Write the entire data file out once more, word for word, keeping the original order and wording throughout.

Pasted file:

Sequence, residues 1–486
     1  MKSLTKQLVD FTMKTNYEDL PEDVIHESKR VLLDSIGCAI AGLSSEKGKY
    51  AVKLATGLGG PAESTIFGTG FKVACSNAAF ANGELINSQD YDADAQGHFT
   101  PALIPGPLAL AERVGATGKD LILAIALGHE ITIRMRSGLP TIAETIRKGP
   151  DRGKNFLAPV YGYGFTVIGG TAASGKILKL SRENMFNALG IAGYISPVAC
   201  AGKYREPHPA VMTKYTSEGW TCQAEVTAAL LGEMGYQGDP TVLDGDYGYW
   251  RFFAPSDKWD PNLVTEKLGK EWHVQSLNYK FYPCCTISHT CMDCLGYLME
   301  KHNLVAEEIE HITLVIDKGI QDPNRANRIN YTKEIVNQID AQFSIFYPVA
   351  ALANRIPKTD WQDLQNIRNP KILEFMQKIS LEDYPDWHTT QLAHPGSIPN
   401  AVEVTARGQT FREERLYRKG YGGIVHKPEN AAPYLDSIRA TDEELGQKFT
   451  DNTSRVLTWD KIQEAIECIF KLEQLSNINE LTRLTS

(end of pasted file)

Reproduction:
Sequence, residues 1–486
     1  MKSLTKQLVD FTMKTNYEDL PEDVIHESKR VLLDSIGCAI AGLSSEKGKY
    51  AVKLATGLGG PAESTIFGTG FKVACSNAAF ANGELINSQD YDADAQGHFT
   101  PALIPGPLAL AERVGATGKD LILAIALGHE ITIRMRSGLP TIAETIRKGP
   151  DRGKNFLAPV YGYGFTVIGG TAASGKILKL SRENMFNALG IAGYISPVAC
   201  AGKYREPHPA VMTKYTSEGW TCQAEVTAAL LGEMGYQGDP TVLDGDYGYW
   251  RFFAPSDKWD PNLVTEKLGK EWHVQSLNYK FYPCCTISHT CMDCLGYLME
   301  KHNLVAEEIE HITLVIDKGI QDPNRANRIN YTKEIVNQID AQFSIFYPVA
   351  ALANRIPKTD WQDLQNIRNP KILEFMQKIS LEDYPDWHTT QLAHPGSIPN
   401  AVEVTARGQT FREERLYRKG YGGIVHKPEN AAPYLDSIRA TDEELGQKFT
   451  DNTSRVLTWD KIQEAIECIF KLEQLSNINE LTRLTS